Pennsylvania prisons put under a hiring freeze
HARRISBURG – The state instituted a hiring freeze at Pennsylvania’s prisons to save money, and the corrections officers’ union said Tuesday that such a step adds to the safety risks for a skeleton prison workforce if it drags on for much longer.
Secretary of Corrections John Wetzel issued an internal memo May 27 imposing a department-wide hiring freeze beginning immediately and lasting until at least July 1. In a copy obtained by the Associated Press, Wetzel wrote the hiring freeze is solely to save money and it is the first step in dealing with tight finances resulting from the state’s growing budget shortfall.
“The implementation of this hiring freeze is not taken lightly as we understand the need for staffing critical positions,” Wetzel wrote. “We will re-evaluate the hiring freeze after we review the impacts of the freeze and evaluate the projected expenditures against the actual enacted 2014-15 appropriations.”
Pennlive.com first reported on the memo Tuesday.
The 2014-15 fiscal year begins July 1, but the Republican-controlled Legislature is getting its latest start on budget legislation in at least a decade. Nothing has come up for a vote yet, even in committee, and an initial House Appropriations Committee vote is not expected for at least another two weeks.
The state’s finances are under extreme pressure. Tax collections for the 2013-14 fiscal year ending June 30 are about $600 million behind expectations, putting Corbett’s $29.4 billion budget proposal out of balance by more than $1 billion.
Meanwhile, the state is taking a $340 million hit in the loss of federal Medicaid funds, mandated pension obligations are soaring by $600 million and Corbett appointees in charge of the Philadelphia School District, the state’s largest, are pressuring the state for more aid to avoid additional layoffs and service cuts.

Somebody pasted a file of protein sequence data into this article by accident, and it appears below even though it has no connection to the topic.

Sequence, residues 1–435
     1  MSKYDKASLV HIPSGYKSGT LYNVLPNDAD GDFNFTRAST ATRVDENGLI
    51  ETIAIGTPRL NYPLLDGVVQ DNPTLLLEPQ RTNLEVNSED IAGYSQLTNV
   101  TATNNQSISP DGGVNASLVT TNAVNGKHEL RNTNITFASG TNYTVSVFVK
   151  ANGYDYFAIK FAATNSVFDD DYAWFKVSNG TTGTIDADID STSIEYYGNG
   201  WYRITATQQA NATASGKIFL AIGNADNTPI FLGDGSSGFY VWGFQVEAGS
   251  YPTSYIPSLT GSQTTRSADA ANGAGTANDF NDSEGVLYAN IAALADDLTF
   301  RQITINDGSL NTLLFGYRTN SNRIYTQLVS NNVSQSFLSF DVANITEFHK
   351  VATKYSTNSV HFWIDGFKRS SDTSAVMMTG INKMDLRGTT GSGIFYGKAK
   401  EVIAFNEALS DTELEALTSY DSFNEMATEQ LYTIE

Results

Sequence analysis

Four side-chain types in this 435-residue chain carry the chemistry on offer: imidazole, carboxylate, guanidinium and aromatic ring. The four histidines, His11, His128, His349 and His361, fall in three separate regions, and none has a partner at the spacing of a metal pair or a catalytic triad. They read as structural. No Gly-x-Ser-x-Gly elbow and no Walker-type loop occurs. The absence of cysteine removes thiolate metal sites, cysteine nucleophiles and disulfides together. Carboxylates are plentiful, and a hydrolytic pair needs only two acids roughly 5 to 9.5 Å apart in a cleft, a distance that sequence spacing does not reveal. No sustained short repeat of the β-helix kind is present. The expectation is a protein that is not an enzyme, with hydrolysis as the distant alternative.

Roy Pinto, president of the Pennsylvania State Corrections Officers Association, said prison staffing is at the 2008 level, while the state prison population has grown by 5,000 more inmates since then. He said the officers’ biggest concern is their own safety, and a hiring freeze that lasts well past July 1 will increase the danger.
“Everybody’s just worried about being able to survive now,” Pinto said. “They’re worried about their own safety, because there’s nobody else around.”
Pinto counted about 8,400 unionized corrections officers and 900 non-union officers. As of April 30, nearly 50,000 inmates were in state prisons.
“When I started 28 years ago, we never had less than three (corrections officers) on a housing unit,” Pinto said. “They’ve whittled that down to where there’s one on a housing unit. They can’t cut anymore unless they’re going to let the inmates run it.”